Date: Tue, 3 Sep 1996 17:25:04 -0400

From: "Dennis R. Preston" preston[AT SYMBOL GOES HERE]PILOT.MSU.EDU

Subject: Re: kimmelwick

Surely this is not a mysterious process (particualrly when a foreign word

is involved). To doubt it would be to suggest that the etymology of

Coca-Cola is suopect since there is no longer any coke (cocaine) in Coke.

Now Coke (at least in Louisville) doesn't even have to be 'cola.' Even

7-Up is a kind of 'coke.'

By the way, my experience in W. New York suggests that 'hard roll' or 'bun'

(even without salt, not to mention caraway) could be offered in 'Beef on


Dennis (who prefers hot wings to wicks from the Buffalo kitchen).

DARE, vol. III, which should be available in your local bookstores in

December, just in time for Christmas buying (plug, plug), has an entry under

'kimmelweck' (with a x-ref to 'beef on weck' vol. I). Defined as "A caraway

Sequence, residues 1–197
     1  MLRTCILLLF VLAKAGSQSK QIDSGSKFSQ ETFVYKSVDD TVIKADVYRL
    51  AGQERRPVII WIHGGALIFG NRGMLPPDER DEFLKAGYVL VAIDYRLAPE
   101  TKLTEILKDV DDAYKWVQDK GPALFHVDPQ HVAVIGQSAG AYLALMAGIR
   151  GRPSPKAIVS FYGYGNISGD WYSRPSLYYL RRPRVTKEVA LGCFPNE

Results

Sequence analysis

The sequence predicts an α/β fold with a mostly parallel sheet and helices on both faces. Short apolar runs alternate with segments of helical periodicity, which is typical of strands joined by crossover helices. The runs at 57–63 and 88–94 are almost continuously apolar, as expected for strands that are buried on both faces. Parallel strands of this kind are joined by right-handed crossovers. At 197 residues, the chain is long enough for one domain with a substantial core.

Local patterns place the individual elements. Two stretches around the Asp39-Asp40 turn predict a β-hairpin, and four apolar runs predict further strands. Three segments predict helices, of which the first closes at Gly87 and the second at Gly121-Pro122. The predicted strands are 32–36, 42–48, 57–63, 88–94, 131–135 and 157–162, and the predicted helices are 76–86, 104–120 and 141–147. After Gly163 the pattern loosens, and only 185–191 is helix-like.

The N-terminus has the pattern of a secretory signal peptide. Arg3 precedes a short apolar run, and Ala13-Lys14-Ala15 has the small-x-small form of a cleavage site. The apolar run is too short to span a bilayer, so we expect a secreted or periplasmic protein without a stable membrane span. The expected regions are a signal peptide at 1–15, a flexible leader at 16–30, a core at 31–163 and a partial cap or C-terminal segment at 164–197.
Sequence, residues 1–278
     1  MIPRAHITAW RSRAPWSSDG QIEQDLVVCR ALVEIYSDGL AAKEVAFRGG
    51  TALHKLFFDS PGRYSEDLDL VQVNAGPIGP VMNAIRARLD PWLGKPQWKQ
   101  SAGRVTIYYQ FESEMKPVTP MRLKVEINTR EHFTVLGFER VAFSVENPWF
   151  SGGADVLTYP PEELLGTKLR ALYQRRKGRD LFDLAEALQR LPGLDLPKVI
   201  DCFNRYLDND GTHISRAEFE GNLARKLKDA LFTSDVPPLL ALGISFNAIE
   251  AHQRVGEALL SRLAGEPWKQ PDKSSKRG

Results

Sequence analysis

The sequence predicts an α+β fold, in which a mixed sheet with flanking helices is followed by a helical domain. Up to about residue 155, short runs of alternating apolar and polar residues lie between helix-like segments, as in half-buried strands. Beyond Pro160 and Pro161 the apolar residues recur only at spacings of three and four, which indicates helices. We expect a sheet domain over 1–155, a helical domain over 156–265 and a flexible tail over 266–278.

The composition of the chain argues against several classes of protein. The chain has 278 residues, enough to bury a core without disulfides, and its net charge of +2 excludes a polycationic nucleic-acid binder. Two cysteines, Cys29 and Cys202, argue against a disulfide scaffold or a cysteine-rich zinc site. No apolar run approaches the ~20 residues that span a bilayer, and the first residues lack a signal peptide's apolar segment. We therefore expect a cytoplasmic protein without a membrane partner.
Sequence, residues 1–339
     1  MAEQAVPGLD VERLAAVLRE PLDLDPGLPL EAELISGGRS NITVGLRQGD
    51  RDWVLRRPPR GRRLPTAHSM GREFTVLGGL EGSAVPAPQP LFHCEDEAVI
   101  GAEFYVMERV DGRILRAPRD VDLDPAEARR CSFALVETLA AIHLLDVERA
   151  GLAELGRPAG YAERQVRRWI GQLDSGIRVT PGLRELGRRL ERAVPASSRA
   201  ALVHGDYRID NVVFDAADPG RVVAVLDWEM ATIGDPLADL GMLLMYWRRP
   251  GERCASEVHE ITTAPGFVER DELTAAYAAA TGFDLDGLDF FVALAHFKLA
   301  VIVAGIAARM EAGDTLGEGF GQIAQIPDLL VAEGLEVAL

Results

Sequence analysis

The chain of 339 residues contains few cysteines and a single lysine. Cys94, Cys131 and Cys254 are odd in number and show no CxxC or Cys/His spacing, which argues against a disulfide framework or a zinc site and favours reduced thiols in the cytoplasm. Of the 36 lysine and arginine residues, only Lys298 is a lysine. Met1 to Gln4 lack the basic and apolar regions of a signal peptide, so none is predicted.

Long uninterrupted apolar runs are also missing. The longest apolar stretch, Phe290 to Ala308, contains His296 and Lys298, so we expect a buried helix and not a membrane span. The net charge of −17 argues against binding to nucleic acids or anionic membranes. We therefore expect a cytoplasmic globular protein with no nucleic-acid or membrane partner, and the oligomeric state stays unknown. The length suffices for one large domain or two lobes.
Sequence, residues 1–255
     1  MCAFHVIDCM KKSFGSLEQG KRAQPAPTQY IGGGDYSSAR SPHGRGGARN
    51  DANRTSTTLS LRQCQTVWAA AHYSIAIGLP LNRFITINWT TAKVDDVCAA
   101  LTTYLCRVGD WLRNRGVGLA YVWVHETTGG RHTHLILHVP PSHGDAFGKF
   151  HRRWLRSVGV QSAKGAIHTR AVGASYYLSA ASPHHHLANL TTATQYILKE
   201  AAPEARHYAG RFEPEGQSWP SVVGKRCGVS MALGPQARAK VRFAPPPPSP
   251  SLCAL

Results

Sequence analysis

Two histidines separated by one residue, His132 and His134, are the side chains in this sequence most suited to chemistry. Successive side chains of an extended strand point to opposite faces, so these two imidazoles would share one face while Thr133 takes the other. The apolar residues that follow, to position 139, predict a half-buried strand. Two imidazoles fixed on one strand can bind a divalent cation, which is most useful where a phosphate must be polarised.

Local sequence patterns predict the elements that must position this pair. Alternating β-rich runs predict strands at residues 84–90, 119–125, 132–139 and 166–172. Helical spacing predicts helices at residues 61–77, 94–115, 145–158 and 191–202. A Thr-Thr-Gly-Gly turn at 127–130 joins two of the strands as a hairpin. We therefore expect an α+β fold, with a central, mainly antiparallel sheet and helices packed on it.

roll, used esp for a beef sandwich," its label is wNY, esp Buffalo. The

earliest quote is from 1952, Marian Tracy, Coast to Coast Cookery.

ok, but i think today that the salt is the defining characteristic,

since we go to the bakery and order "kimmelwecks without caraway" and

get rolls with salt on top. i didn't know that kimmelwecks could

have caraway until wegman's started selling them, since the bakery we

got them from in lewiston had ones w/o caraway called "kimmelweck".


Dennis R. Preston

Department of Linguistics and Languages

Michigan State University

East Lansing MI 48824-1027 USA


Office: (517)432-1235

Fax: (517)432-2736